Various urea derivatives are compared with an effective azo compound and with one another in the examples which follow. The mixtures contain 0.3 part by weight of the nitrogen compounds, 45 ppm of Pt and 3 parts by weight of pyrogenic TiO2.

1. no nitrogen compound

2. semicarbazide HCl

3. dimethylolurea

4. urea

5. hydrazine dicarboxamide

6. guanidine carbonate

7. cyanoguanidine

8. diphenylguanidine

9. o-tolylguanidine

10. o-tolylbiguanide

11. aminoguanidine

__________________________________________________________________________1  2 3  4 5  6 7 8 9  10                   11__________________________________________________________________________62 4282 33     123        35          75            47              64 61                   150                      seconds A-stage                              CL-5045 3573 40     45 51          35            48              123                 39                   78 seconds B-stage130   37153   42     30 92          43            53              62 73                   86 seconds A-stage                              DCP94 41160   34     108        67          29            40              47 65                   68 seconds B-stage__________________________________________________________________________

The experiments in these examples show the effect of volatile siloxane constituents on the flame-repellency.

______________________________________Parts by weight______________________________________Base mixture I     100TiO2 3Pt        40     ppmCyanoguanidine     0.2(me2 SiO)4additive  0             0.5 1.0 1.5 2.0  parts by weightCL 50     30            32  31  42  140  seconds, self-                                    extinguishing                                    timeConsumption     12            19  13  26   86% by weight______________________________________

Base mixture II: 100 parts by weight of a polydimethylsiloxane which contains trimethylsilyl end groups, has a degree of polymerization of 6,000 and contains 0.175% of vinylmethylsiloxy groups are mixed with 27.5 parts by weight of a pyrogenic silicic acid with a surface area of 380 m2 /g. 0.83 part of the vinyl-free silanol from base mixture I and 5.5 parts of the vinyl-containing auxiliary as well as 0.5 part of hexamethylsilazane are used as processing auxiliaries.

The H-siloxane employed in Examples 22-24 has the composition:

me3 SiO (meHSiO)5.5 (me2 SiO)12 Sime3 

______________________________________Examples    22      23      24______________________________________Base mixture II 100     100   100   parts by weightPlatinum (ppm)  40      40    --TiO2       3       3     3     parts by weightSi--H--siloxane 5       5     5     parts by weightCyanoguanidine  0.2     --    --    part by weightButinol         0.5     0.5   0.5   part by weight(Pt inhibitor)Pt--vulcanized     A     33      180   190   sec.     B     34      180   180   sec.CL 50, 1.5%     A     44      180   180   sec.     B     27      180   180   sec.DCP, 0.6% A     32      180   180   sec.     B     27      180   180   sec.______________________________________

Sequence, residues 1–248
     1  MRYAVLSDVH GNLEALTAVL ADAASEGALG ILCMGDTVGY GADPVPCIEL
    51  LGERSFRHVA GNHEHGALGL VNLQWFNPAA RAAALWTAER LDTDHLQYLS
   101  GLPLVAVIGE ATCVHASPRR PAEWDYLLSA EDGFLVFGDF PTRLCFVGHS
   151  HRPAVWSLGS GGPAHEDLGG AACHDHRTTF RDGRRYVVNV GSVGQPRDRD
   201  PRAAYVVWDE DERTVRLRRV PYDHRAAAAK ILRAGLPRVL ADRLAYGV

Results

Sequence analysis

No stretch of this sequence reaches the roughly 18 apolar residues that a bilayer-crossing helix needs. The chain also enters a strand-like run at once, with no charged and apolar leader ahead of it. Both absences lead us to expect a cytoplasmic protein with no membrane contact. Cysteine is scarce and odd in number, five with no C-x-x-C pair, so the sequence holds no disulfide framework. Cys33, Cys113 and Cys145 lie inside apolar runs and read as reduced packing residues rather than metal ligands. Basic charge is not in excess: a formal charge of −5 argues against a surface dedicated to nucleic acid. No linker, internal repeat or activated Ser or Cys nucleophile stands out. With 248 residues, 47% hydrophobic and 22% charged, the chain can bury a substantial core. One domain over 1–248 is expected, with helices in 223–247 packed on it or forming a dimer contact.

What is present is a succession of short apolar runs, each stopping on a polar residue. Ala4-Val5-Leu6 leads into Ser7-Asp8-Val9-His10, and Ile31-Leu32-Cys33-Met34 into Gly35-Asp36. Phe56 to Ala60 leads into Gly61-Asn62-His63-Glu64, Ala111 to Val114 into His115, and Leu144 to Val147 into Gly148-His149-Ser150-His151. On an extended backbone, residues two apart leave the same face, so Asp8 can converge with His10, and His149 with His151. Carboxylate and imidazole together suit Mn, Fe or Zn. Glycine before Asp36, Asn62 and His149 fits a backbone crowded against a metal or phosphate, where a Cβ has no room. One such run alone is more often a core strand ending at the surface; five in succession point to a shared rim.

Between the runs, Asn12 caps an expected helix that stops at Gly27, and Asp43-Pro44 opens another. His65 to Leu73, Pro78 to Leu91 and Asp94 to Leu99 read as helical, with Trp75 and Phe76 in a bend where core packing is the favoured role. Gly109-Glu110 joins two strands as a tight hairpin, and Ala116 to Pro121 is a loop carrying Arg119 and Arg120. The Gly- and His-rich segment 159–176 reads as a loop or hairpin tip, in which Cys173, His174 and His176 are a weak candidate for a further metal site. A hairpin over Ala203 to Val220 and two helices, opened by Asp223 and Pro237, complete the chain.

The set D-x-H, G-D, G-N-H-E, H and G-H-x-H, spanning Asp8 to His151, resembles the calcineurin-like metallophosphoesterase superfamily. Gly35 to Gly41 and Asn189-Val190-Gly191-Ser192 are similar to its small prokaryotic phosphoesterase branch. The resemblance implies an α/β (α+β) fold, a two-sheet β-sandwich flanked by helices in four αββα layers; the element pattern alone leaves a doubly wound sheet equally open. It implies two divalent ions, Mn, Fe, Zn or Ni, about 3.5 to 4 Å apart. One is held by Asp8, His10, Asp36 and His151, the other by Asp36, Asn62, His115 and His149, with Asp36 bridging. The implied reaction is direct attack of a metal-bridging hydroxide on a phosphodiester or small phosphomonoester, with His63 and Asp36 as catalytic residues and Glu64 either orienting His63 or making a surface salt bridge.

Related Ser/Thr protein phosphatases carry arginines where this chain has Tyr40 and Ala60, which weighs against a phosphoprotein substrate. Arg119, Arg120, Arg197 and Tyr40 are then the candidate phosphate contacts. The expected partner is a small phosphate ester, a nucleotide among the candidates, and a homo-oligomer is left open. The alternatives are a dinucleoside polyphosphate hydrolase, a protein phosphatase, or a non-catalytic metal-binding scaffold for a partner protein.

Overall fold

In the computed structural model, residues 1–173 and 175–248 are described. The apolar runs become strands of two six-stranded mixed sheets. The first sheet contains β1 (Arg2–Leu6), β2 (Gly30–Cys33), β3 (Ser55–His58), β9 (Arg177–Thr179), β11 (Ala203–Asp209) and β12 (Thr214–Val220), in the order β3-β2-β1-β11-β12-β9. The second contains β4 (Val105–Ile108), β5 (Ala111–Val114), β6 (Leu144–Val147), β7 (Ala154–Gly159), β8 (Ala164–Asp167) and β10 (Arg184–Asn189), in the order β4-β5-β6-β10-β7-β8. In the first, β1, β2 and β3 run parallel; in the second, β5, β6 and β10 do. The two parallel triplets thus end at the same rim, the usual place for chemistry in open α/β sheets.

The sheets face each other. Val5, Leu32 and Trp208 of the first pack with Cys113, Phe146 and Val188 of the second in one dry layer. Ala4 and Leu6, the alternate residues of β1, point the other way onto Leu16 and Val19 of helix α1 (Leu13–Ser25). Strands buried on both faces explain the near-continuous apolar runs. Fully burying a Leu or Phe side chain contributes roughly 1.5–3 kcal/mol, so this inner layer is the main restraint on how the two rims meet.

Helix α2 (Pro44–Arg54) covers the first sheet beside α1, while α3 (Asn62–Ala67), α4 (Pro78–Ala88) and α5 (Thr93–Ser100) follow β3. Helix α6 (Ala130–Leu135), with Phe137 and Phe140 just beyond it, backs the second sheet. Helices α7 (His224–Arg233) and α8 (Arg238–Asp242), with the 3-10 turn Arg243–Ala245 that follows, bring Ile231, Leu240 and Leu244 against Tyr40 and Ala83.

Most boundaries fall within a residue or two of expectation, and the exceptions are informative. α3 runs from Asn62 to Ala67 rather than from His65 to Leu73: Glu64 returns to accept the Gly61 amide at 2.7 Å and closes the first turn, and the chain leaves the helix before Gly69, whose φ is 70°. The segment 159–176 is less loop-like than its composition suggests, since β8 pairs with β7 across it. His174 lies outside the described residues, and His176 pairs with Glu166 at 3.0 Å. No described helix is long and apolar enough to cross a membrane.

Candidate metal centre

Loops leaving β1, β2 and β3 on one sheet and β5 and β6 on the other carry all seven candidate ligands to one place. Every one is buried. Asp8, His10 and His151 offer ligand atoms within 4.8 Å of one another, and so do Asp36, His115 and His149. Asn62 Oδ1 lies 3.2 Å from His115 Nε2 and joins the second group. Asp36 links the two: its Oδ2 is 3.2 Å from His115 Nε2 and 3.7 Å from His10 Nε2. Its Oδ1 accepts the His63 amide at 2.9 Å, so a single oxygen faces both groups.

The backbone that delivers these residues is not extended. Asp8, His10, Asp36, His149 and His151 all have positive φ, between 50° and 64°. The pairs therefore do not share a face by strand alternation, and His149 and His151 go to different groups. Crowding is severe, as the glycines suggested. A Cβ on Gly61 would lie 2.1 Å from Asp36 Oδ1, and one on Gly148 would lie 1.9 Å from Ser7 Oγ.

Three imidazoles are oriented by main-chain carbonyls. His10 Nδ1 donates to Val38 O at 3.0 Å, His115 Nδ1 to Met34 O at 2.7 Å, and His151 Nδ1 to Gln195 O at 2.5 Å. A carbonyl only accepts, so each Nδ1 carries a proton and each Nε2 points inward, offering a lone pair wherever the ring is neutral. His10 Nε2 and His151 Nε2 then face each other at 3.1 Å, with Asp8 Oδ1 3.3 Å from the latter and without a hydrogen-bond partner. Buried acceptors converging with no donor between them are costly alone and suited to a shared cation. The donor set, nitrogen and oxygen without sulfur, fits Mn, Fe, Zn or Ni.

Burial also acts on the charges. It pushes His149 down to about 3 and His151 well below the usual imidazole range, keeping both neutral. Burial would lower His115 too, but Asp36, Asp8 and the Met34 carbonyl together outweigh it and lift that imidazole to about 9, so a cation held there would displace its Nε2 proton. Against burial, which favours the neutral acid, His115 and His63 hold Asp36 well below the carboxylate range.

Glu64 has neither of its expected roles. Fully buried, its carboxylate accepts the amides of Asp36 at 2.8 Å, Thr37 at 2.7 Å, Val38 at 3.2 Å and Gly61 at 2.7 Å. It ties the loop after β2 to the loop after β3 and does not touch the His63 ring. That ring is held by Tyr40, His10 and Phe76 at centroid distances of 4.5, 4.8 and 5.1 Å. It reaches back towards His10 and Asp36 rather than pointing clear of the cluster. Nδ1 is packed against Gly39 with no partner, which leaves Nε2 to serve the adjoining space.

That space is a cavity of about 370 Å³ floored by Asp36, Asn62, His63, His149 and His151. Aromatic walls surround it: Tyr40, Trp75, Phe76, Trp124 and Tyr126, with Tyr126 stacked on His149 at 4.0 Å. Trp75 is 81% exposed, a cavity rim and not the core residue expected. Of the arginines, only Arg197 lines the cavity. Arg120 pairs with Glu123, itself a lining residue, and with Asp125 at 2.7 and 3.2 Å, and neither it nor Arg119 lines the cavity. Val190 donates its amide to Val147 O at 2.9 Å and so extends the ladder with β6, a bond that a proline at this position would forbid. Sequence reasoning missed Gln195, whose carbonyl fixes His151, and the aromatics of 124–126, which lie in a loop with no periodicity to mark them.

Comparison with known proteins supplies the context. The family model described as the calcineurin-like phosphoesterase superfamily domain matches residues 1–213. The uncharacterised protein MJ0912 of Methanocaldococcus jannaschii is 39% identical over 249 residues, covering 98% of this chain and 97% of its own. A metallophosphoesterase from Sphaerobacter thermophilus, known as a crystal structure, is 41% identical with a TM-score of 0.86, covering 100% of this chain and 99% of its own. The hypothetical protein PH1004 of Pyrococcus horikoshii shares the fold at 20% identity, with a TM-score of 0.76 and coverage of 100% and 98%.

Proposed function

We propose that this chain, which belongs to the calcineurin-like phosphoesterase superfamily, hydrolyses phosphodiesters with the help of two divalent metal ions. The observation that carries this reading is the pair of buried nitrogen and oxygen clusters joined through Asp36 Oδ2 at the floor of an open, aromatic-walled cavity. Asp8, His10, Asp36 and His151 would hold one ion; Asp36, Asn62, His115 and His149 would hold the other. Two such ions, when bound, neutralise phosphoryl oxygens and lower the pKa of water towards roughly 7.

As the following examples show, it is also possible to replace the pyrogenic TiO2 by TiO2 obtained from a precipitation or digestion process.

26 precipitated TiO2, amorphous, not neutral, BET 50, 1.6% of S

27 precipitated TiO2, amorphous, neutral, moist, BET 195, 0.075% of S

28 precipitated TiO2, rutile, neutral, moist, BET 200

29 precipitated TiO2, amorphous, neutral, dried, BET 195, 0.075% of S

30 pyrogenic TiO2, anatas, pH 3-4, BET 50

______________________________________Parts by weight______________________________________Base mixture I     100      100     100   100   100Platinum (ppm)     45       45      45    45    45Cyanoguanidine     0.3      0.3     0.3   0.3   0.326        3        --      --    --    --27        --       3       --    --    --28        --       --      3     --    --29        --       --      --    3     --30        --       --      --    --    3CL 50  A      over 200 120   77    46    67   sec.  B      107      28    42    35    33   sec.DCP    A                           46    36   sec.  B                           26    28   sec.______________________________________

It will be appreciated that the instant specification and examples are set forth by way of illustration and not limitation, and that various modifications and changes may be made without departing from the spirit and scope of the present invention.

Patent Citations
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US3704273 *May 11, 1970Nov 28, 1972Union Carbide CorpFlame resistant latex and emulsion systems and the products formed therefrom
US4087399 *Jul 11, 1977May 2, 1978Toray Silicone Company, Ltd.Self-extinguishing silicone elastomer compositions
Referenced by
Citing PatentFiling datePublication dateApplicantTitle
US4567085 *Feb 8, 1984Jan 28, 1986Metzeler Kautschuk GmbhFloor covering, especially for airplanes
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U.S. Classification524/195, 524/211, 524/188, 524/837
International ClassificationC08K5/21, C08K5/16, C08L83/04, C08K3/36, C08K3/22, C08K13/02, C08L83/00
Cooperative ClassificationC08K13/02
European ClassificationC08K13/02